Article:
Thomas Alva Edison was one of the most famous and hard-working inventors in history. When he died in 1931 he held 1093 patents in his name (though a lot of his inventions were collaborations).
Some of his most used inventions are of course the light bulb and the gramophone.
He also did quite a bit work to improve x-ray machines for while (until he almost lost his own eye-sight and an assistant died due to radiation poisoning). And he had a AC/DC-current war with the odd and fascinating inventor Nikola Tesla.
Here are a few of my favourite tips from Edison. They are all about success. And what kind of work and mindset achieving such a thing may require.
“Many of life’s failures are people who did not realize how close they were to success when they gave up.”
One of the problems in life is that people just give up too soon. I think quite a big bit of this because of social programming and the expectations set by society. It’s seen as pretty normal to try once or maybe a few times and then give up.
There is also a ton of products, books and commercials that promises us that we can “Earn 20000 dollars in just 4 weeks” or “Easily lose 30 pounds in 30 days!”.
And we hear these messages over and over throughout life.
No wonder it’s easy to fall into the trap of believing that everything should work out after about three tries or so.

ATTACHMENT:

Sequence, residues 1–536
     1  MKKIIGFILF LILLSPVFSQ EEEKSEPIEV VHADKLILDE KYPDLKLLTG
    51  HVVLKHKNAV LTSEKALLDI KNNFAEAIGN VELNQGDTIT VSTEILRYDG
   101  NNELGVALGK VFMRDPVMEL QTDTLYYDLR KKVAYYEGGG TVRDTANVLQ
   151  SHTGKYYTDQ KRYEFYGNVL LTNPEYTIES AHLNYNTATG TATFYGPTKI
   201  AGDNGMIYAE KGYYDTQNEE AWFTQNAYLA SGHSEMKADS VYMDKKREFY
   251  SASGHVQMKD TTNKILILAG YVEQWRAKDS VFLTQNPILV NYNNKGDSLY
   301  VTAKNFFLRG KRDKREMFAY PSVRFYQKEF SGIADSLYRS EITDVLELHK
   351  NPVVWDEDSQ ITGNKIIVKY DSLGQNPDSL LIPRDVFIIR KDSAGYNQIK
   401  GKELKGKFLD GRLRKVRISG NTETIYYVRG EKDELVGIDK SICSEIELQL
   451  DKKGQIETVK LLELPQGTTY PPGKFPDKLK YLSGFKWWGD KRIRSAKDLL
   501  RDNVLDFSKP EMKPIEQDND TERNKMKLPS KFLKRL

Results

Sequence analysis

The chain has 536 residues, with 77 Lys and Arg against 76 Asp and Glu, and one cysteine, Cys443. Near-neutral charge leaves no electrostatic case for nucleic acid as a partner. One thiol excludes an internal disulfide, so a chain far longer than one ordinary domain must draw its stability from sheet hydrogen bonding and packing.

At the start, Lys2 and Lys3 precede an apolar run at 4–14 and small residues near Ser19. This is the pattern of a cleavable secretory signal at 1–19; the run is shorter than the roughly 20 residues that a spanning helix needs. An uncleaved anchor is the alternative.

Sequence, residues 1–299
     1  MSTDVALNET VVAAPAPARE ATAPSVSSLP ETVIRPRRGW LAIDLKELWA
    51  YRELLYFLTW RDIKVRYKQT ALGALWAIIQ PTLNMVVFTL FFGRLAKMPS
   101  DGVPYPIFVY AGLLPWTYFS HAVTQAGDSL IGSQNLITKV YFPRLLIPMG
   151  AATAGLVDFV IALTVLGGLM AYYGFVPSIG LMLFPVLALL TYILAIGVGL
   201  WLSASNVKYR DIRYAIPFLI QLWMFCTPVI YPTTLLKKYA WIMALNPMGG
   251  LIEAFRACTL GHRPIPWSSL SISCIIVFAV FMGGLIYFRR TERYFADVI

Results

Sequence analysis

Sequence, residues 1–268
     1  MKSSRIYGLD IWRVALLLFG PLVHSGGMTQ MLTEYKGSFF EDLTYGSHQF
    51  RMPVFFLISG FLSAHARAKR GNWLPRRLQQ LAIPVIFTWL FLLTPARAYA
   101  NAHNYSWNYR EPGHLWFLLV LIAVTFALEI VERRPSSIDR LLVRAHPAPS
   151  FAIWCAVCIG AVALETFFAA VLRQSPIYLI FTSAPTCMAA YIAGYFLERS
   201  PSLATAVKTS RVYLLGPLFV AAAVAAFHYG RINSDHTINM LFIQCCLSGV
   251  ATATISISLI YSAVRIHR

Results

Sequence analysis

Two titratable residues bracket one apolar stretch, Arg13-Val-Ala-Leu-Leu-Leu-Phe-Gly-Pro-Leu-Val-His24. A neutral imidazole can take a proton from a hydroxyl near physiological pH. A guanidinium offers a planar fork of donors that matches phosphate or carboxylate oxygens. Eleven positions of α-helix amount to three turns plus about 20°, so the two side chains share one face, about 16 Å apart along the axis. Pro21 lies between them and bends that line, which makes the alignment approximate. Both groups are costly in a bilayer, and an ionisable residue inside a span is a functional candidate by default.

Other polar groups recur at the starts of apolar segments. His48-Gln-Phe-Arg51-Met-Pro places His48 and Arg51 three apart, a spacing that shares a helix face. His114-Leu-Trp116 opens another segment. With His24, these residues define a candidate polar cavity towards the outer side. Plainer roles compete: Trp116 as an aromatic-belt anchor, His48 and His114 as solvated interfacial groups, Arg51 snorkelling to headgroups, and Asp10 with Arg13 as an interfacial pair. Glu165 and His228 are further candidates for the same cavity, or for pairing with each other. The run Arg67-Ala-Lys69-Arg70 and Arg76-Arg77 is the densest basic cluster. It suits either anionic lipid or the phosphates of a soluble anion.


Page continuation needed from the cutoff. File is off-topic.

When the promise of a quick fix is sold to us all the time and people around us are buying into it then it becomes easy just do the same thing. And align our expectations of the world around how things “should” work rather than how they work.
If one does not give up so quickly but tries perhaps 20-30 times or more there is a pretty good chance that success will come. If one keeps at it for not 3 weeks but 6 months then the likelihood of success often increases.
If not, then you may spend a lot of time in a cycle where you try a new quick fix, get discouraged quickly and give up, spend some cash on the next quick fix and getting overly enthusiastic and then continue the cycle by jumping from one magic bullet to another, never achieving much of a result. You can read more about this problem inOne Big Mistake a Lot of People Make.
“I have not failed. I’ve just found 10,000 ways that won’t work.”